Um, no. This was well answered in a NT book edited by Dockery and Black called Interpreting the New Testament. While that specifically addresses NT psuedonymity, it is certainly appropriate in many respects for OT scholarship as well.

    Of course not. It's dishonesty. Plagiarism is when you copy someone else's work and call it your own. Dishonesty is when you claim someone said or wrote something when they actually didn't say it or write it.
     
  19. franklinmonroe

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    According to the Torah itself, Moses definitely did write stuff. Here are a few verses --
    And Moses wrote all the words of the LORD, and rose up early in the morning, and builded an altar under the hill,
    and twelve pillars, according to the twelve tribes of Israel. (Exodus 24:4)

    And Moses wrote their goings out according to their journeys by the commandment of the LORD: and these [are] their journeys
    according to their goings out. (Numbers 33:1-2)

    And it came to pass, when Moses had made an end of writing the words of this law in a book, until they were finished,
    That Moses commanded the Levites, which bare the ark of the covenant of the LORD, saying,
    Take this book of the law, and put it in the side of the ark of the covenant of the LORD your God, that it may be there for a witness against thee. (Deut. 31:24-26)​

    God directly told Moses to write things (I don't think he disobeyed) --
    And the LORD said unto Moses, Write this [for] a memorial in a book, and rehearse [it] in the ears of Joshua:
    for I will utterly put out the remembrance of Amalek from under heaven. (Exodus 17:14)

    And the LORD said unto Moses, Write thou these words: for after the tenor of these words I have made a covenant with thee and with Israel. (Exodus 34:27)​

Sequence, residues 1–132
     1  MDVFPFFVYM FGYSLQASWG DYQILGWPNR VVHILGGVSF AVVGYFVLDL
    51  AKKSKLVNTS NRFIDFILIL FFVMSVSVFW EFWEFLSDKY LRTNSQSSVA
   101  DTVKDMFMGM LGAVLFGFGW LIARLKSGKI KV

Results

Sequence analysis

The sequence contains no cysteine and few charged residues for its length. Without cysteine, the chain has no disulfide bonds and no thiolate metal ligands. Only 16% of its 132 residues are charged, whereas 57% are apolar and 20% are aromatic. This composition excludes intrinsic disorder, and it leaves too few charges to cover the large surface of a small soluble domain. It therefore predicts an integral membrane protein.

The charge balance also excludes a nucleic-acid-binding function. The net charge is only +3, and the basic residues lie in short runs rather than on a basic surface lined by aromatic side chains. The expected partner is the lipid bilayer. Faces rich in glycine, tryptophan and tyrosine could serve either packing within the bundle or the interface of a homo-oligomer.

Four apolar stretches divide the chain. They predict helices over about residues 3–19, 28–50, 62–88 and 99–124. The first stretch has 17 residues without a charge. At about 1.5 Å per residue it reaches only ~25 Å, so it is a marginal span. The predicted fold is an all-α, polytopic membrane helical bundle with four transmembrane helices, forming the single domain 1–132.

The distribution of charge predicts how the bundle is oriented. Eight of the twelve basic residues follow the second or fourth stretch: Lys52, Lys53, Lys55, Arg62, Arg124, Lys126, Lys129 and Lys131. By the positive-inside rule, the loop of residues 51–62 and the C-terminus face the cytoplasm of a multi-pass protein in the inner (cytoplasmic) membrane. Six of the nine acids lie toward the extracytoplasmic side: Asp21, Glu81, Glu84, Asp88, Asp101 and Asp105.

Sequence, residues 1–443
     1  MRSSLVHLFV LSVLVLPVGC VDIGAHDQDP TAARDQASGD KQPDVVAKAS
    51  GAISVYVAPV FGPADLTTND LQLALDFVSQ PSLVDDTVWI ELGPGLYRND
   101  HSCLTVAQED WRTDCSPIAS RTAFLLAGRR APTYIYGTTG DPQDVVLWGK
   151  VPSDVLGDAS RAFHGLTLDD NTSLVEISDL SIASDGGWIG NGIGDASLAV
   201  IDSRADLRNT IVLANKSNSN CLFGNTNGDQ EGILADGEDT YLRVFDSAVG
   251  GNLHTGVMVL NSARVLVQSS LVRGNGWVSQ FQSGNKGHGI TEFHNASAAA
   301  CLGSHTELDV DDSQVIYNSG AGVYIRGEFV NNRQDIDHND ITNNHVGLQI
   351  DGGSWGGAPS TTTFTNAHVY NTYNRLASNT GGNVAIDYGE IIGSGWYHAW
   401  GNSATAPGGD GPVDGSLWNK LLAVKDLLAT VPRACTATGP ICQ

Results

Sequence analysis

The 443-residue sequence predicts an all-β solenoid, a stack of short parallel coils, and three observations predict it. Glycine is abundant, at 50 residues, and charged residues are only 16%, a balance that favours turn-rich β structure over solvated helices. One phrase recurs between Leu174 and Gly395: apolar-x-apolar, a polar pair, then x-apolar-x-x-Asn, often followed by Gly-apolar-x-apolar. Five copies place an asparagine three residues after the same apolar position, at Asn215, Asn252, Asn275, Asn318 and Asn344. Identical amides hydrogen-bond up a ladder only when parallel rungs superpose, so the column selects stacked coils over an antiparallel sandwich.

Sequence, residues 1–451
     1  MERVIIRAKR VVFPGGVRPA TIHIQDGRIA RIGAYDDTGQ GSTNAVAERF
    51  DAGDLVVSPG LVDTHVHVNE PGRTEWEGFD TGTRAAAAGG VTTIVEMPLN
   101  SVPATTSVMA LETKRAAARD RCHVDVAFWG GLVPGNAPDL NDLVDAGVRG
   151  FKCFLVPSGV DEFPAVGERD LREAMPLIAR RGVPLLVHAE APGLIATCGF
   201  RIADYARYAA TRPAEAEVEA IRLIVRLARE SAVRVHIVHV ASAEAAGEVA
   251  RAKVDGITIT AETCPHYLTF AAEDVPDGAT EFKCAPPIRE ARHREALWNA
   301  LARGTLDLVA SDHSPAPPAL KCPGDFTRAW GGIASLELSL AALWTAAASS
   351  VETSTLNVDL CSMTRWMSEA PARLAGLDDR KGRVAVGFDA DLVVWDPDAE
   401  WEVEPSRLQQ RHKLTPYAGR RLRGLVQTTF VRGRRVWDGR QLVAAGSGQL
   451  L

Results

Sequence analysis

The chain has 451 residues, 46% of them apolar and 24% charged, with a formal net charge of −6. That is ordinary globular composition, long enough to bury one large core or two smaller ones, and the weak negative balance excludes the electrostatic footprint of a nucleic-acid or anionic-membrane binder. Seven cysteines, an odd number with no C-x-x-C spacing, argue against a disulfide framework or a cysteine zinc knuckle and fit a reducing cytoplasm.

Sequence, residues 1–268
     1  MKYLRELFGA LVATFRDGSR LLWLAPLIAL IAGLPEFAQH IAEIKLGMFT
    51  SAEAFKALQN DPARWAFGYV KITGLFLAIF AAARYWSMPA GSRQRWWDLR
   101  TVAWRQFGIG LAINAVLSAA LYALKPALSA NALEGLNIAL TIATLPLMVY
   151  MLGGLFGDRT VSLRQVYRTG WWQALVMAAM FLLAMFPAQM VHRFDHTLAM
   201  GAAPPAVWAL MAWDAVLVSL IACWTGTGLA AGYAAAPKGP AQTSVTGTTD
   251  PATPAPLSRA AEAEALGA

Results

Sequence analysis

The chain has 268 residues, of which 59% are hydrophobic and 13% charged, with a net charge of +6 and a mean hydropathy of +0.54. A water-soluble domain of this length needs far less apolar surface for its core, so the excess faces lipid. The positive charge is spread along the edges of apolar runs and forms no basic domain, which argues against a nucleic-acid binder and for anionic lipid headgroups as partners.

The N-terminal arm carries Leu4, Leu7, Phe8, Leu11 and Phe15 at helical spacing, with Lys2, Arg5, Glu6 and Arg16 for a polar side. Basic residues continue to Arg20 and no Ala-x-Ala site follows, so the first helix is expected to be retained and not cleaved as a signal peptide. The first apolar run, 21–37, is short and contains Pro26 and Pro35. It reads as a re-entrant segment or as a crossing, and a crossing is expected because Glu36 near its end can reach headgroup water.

These words may actually have been penned by another's hand but very clearly are attributed to Moses as their author --
    And Moses spake in the ears of all the congregation of Israel the words of this song, until they were ended...
    Give ear, O ye heavens, and I will speak; and hear, O earth, the words of my mouth.
    My doctrine shall drop as the rain, my speech shall distil as the dew, as the small rain upon the tender herb, and as the showers upon the grass:
    Because I will publish the name of the LORD: ascribe ye greatness unto our God...
    [see rest of chapter]...
    And this [is] the blessing, wherewith Moses the man of God blessed the children of Israel before his death. (Deut 31:30, 32:1-3 & 33:1)​

    Does this prove that Moses wrote it all? No; but I don't see any other names being mentioned as the writer of the Pentateuch in scripture.
     
    #19 franklinmonroe, Dec 1, 2008
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  20. Jim1999

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    I dictate to my secretary what to include in a letter. She or he types the letter as I dictated. I am perfectly correct in saying I wrote this letter.

    I think not a few books in the Bible might fall under the same understanding, and so they are not incorrect when they say so and so wrote this book.

    Cheers,

    Jim